What you need to know about Implantable Contact Lenses?
The current go-to refractive surgery for those who have refractive errors like short-sightedness (myopia), long-sightedness (hyperopia), astigmatism and presbyopia is laser-assisted in situ keratomileusis (LASIK). LASIK surgery remains the most common and popular type of refractive surgery performed worldwide today. Other types of refractive surgery include Epi-LASIK, PRK and implantable contact lens (ICL) surgery. In this article, we are going to discuss about ICL surgery.
Akin to LASIK surgery, ICL surgery has been around for over 20 years. The ICL is made from a polymer with collagen, which makes it biocompatible with the human eye and is usually considered when one is found unsuitable for LASIK surgery due to the following reasons:
- High levels of eye prescription
- Thin corneas
- Irregularly shaped cornea
At high levels of refractive errors, ICL surgery is able to provide a better quality of vision post-surgery compared to LASIK surgery. In addition, it can correct a wide range of refractive errors:
- Up to 2,000 degrees of short-sightedness
- Up to 1,000 degrees of long-sightedness
- Up to 600 degrees of astigmatism
Unlike LASIK surgery which uses laser to permanently remove corneal tissue to reshape the cornea, the ICL surgery involves the implantation of a contact lens into the eye – between the iris and the natural lens through a small incision on the cornea. The ICL helps to redirect the light entering the eye to fall on the retina to reduce or eliminate the use of glasses.
Prior to ICL surgery, you would need to come in for the 3-hour ICL evaluation where our clinical optometrist will conduct a series of eye tests to determine the suitability of your eyes for surgery. Thereafter, your ICL surgeon will thoroughly go through all test results, discuss your surgical options and explain the benefits and possible risks during the consultation. If you decide to proceed with ICL surgery, we will proceed to order the ICLs based on the eye tests done and arrange a date for surgery.
In the hands of an experienced ICL surgeon, the surgery experience will be a relatively painless one with minimal discomfort. On surgery day, numbing eyedrops and local anaesthesia would be administered to the eye to numb the eye area. Next, a small incision on the cornea is created to insert the ICL into the eye. The entire procedure takes less than 20 minutes for 2 eyes with no stitches required.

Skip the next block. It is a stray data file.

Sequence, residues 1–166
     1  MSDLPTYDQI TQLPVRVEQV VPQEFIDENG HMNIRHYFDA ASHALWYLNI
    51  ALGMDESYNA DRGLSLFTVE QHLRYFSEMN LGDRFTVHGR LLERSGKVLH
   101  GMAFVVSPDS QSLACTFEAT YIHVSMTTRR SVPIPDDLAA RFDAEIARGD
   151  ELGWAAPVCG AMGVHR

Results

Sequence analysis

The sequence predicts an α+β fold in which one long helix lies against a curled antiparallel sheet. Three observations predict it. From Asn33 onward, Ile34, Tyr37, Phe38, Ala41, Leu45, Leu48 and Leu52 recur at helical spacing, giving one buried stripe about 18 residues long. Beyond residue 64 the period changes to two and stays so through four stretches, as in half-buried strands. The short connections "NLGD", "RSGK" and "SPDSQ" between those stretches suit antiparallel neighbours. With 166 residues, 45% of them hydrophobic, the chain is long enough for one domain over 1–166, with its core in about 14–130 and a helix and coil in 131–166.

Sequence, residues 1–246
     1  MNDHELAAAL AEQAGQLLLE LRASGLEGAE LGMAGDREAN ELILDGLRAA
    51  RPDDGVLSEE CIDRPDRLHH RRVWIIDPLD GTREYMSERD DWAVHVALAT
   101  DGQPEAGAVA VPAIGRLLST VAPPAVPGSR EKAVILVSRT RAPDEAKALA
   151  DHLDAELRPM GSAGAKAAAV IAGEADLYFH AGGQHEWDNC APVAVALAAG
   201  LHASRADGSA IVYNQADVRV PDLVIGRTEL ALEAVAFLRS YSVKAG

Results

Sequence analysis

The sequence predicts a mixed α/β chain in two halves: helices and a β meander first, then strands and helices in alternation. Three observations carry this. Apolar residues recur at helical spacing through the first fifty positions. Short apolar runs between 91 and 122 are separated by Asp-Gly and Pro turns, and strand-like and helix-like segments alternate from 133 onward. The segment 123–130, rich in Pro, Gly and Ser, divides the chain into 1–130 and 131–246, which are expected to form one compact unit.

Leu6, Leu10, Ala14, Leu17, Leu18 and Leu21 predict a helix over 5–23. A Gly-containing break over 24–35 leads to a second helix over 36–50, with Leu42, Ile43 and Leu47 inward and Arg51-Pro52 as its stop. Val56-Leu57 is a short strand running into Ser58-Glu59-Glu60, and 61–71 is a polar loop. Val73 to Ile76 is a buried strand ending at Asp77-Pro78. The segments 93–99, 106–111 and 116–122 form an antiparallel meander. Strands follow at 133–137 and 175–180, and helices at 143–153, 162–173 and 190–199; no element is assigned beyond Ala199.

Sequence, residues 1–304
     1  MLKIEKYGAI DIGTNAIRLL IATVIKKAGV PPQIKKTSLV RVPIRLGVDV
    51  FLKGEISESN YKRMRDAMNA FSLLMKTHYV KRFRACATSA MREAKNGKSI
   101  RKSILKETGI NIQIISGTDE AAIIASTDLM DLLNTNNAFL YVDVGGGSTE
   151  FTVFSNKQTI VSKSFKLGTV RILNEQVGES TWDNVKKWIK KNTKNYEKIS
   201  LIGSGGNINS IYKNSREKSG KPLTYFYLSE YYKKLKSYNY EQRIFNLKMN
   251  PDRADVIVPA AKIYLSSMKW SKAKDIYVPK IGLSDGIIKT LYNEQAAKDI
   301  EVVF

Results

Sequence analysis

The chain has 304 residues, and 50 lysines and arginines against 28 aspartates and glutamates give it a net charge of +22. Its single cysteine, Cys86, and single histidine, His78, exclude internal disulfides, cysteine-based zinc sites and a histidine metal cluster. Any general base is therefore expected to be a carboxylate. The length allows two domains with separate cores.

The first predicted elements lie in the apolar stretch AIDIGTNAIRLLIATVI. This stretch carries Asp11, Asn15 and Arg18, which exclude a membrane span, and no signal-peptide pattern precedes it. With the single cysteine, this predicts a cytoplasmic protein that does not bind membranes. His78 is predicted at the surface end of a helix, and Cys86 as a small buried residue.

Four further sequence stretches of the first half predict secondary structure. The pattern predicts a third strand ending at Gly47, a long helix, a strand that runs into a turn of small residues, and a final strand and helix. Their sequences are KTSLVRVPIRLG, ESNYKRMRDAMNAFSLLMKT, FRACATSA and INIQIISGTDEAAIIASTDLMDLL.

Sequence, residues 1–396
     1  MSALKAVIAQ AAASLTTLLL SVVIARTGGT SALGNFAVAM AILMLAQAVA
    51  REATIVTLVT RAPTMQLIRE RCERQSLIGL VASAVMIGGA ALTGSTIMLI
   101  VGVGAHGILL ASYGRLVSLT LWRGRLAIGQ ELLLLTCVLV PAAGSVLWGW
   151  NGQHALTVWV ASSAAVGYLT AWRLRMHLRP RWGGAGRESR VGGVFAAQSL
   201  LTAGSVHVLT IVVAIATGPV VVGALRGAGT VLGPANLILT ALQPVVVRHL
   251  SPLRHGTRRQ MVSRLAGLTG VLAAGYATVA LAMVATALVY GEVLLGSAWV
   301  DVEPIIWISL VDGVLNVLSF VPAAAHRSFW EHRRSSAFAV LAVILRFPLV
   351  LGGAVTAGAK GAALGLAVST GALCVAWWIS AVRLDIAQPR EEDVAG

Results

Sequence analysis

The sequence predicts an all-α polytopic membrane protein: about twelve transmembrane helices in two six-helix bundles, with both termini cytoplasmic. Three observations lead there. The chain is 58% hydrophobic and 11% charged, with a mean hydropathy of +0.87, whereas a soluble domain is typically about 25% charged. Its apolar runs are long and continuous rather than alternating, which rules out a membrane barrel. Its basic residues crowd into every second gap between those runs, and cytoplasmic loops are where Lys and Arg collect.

As with all surgeries, there are also possible risks associated with ICL surgery though rare. The 2 most common are:
- Early cataract formation: People who are highly myopic have a higher chance of developing cataracts earlier and this risk increases with an ICL in the eye.
- Glaucoma: Rarely, the eye pressure may rise after an ICL is inserted in the eye. In such cases, eyedrops can be prescribed to bring down the eye pressure. In the rare event that the eye pressure does not come down, the worst case scenario is to remove the ICL as there is an increased risk of developing glaucoma due to a raised eye pressure.
Advantages and benefits of ICL surgery:
Reversible procedure: The ICL can be removed or replaced if needed.
Does not thin out the cornea nor change the shape and structure of cornea: Especially ideal for those with high level of eye prescription and thinner corneas.
Minimal level of dry eye and seeing haloes and starburst at night.
Recovery is fast with most people recovering about 75% of the vision the very day.
The fees for ICL surgery vary depending on the surgeon’s experience and seniority and where the surgery is performed. In Singapore, the fees can range from $9,000 to $16,000 for 2 eyes and usually include the cost of the lens, anaesthesia fee, surgeon fee and medication.